Thursday, October 10, 2013

Lectionary Notes for Twenty-First Sunday after Pentecost (Proper 23, Ordinary 28, Year C)

Readings for 21st Sunday after Pentecost, 10/13/13:
Jeremiah 29:1, 4-7, Psalm 66:1-12, 2 Timothy 2:8-15, Luke 17:11-19

Jeremiah 29:1, 4-7:
  • Even though the people are in exile, God tells them to live their lives anyway - to get in with building and planting and marrying and giving birth. On the one hand, the passage suggests, this is so the people can remain strong and even increase even though they are in exile. But on the other hand, I see this as God saying - "hey, this is life, right now, and it is still rich and abundant even in the midst of chaos. Get on with it!" Do you ever use your bad situations/circumstances to put God and your spiritual life on hold? 
  • God tells the people to pray for the city where they are in exile. Pray for those who have separated them from their homeland. Pray for those probably thought of not-too-fondly...
  • "for in its welfare you will find your welfare." I think this is hands down the best sentence in this passage. We're interrelated. We're a global community. We're all God's children. We share a home. Our welfare is tied up in their welfare and vise versa. If we could get this in our heads, and get "us" vs. "them" out of our heads...
Psalm 66:1-12:
  • Mostly a praise psalm here, but with some specific perspectives. This psalm directly addresses God's hand in leading the Israelites out of Egypt into "a spacious place."
  • God "rules by his might forever." I guess we do say that God is mighty, but something about this wording turns me off - I don't want God to rule by might - sounds too much like rule by force. Ruling by force is not a powerful act, in my mind, but a cowardly act. I'd rather God rule by moving us, luring us to want relationship with God.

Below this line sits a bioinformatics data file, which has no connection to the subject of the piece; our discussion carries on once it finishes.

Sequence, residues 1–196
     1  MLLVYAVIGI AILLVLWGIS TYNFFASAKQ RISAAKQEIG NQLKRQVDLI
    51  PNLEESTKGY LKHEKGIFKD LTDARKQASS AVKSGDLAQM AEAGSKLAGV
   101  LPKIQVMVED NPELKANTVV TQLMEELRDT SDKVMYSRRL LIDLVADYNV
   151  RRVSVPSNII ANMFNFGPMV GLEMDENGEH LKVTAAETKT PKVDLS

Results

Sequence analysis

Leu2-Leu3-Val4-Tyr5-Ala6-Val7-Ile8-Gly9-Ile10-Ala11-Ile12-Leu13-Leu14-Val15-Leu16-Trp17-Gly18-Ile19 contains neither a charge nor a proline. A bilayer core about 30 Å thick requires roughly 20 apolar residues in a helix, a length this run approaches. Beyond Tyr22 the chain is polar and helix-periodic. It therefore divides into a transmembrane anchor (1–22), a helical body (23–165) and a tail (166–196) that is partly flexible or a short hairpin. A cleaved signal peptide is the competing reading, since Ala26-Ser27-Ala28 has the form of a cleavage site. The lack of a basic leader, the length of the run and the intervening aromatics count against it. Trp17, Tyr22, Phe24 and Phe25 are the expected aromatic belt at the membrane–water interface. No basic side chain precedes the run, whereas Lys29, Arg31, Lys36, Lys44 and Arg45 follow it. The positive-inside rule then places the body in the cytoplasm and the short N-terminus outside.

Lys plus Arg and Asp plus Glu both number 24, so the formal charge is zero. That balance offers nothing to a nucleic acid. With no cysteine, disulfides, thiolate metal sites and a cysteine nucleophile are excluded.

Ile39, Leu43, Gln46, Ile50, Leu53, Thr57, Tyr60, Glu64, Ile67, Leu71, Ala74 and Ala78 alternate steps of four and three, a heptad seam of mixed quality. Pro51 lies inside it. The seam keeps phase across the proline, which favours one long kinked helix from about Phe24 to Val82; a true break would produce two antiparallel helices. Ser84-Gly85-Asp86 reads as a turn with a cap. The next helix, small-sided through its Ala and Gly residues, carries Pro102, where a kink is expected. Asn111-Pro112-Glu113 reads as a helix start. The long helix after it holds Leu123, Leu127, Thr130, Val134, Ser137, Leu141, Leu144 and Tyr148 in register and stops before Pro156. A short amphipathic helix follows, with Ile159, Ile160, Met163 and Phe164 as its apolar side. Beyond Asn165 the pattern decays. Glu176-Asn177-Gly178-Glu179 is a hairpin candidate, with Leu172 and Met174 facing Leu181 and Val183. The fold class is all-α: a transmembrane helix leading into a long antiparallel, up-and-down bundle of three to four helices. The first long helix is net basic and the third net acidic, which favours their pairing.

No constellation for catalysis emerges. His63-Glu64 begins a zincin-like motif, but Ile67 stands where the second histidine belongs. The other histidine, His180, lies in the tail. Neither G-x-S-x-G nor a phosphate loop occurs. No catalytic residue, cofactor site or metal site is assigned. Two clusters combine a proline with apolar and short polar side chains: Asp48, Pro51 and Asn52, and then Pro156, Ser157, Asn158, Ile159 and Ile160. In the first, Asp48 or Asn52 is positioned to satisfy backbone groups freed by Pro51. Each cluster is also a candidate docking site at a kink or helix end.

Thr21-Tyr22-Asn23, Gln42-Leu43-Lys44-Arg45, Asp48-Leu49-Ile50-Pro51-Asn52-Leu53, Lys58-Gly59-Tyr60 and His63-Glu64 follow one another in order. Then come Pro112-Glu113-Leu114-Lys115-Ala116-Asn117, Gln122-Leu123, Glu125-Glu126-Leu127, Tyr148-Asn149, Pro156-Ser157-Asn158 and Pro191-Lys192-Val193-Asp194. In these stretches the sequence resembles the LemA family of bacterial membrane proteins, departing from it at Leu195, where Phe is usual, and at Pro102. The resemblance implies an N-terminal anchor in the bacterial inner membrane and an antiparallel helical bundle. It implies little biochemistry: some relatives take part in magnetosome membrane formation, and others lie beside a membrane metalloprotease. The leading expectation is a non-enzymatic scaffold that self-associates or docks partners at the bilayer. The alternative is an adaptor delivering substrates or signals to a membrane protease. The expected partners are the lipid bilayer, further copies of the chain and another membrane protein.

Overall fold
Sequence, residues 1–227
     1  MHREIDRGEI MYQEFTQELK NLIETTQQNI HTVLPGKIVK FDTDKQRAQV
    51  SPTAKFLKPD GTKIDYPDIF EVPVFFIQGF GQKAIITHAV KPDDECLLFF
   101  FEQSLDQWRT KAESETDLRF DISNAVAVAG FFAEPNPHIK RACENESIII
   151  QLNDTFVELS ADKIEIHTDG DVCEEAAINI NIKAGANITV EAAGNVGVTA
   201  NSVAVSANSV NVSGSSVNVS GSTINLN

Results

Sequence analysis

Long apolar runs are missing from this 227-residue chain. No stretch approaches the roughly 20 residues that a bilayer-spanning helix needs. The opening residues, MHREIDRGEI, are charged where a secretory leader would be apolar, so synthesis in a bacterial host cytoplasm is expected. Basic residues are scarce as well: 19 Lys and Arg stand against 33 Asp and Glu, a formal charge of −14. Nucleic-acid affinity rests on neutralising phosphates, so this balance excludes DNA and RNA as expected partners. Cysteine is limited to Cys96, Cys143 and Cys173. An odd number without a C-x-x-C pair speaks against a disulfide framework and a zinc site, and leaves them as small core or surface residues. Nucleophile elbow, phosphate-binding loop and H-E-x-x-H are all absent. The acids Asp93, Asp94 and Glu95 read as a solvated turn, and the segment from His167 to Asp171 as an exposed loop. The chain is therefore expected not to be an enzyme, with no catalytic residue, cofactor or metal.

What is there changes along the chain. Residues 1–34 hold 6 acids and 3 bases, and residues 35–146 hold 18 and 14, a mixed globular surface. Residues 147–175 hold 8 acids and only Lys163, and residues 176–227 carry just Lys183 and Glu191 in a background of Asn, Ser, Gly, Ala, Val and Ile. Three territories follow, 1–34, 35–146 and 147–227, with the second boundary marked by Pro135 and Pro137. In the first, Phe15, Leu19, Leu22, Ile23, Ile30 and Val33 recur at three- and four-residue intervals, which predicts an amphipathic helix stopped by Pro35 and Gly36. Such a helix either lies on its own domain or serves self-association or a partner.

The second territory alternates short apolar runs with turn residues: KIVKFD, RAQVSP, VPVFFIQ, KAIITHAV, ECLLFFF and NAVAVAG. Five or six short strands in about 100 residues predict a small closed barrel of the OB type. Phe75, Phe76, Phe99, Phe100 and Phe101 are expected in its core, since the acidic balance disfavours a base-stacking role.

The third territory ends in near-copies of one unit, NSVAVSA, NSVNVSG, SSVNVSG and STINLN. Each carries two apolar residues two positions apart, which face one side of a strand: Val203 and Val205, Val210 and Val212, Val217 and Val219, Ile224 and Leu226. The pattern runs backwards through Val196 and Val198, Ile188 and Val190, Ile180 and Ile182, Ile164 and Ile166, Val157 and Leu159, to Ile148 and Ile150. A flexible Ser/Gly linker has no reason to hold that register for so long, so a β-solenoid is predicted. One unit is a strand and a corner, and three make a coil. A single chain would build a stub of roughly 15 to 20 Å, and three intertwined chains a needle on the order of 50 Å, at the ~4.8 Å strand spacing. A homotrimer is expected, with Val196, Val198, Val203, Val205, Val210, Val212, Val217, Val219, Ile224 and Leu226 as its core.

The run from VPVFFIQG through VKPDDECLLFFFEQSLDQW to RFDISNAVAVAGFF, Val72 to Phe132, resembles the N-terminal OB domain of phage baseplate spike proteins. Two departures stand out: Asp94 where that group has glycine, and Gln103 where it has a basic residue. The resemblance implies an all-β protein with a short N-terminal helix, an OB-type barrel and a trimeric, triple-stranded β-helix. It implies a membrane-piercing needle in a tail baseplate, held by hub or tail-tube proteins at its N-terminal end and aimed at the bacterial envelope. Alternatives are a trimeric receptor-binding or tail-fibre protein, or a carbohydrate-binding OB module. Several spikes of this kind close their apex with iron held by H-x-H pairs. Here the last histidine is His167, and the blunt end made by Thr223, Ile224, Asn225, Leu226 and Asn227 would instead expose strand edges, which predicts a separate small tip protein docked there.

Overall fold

• vs. 10-12 speak of all the 'testing' sort of tasks the people have endured at God's hands - the net, the burdens, through fire and water. Do you feel your trials have been laid out to you by God? That God has set you up to be tested? This idea has never set right with me, not quite.
2 Timothy 2:8-15:
  • "The word of God is not chained." Thanks to God for that! Do we hear this? Live this? I think it is a miracle that the word of God is not chained, because we are constantly trying to do just that - confine it, constrict it, contain it, use it for our very specific purposes. We abuse God's word and use it to chain people, hurt people, keep people out of the church. But God's word is not chained!!
  • "if we deny [Christ], Christ will also deny us." Is that true? Do the gospels even support such a statement? I don't think so. The follow up, "if we are faithless, he remains faithful," rings more true to me.
  • "wrangling over words." I love this phrase - church is such a place for wrangling over words. But, we are warned, it "does no good but only ruins those who are listening." We should read this passage at General Conference!
Luke 17:11-19:
  • "your faith has made you well." Ten are healed, but only one is "made well" or "saved" as the Greek seso^ken suggests. How is this man who returned going to be different then the others, who also were cleansed from their disease? What does it mean to be made whole or well as opposed to being cured from a sickness.
  • When the ten leave at first to show themselves to the priest, as Jesus commanded, this would have been part of the Mosaic law. When someone was healed, or claimed to be healed, going to the priests was a way of 'officiating' the results, so to speak. So the one man returns after his healing is 'confirmed' by the religious leaders.
  • Just a note of interest - the word for "master" that the lepers use here is in this instance a Greek word epistata, which literally means 'the one set/placed over [others].'
  • Note the importance of the man's identity as an outsider - Luke points it out - "and he was a Samaritan." And so does Jesus, saying, "this stranger/foreigner/one of another race."
Post a Comment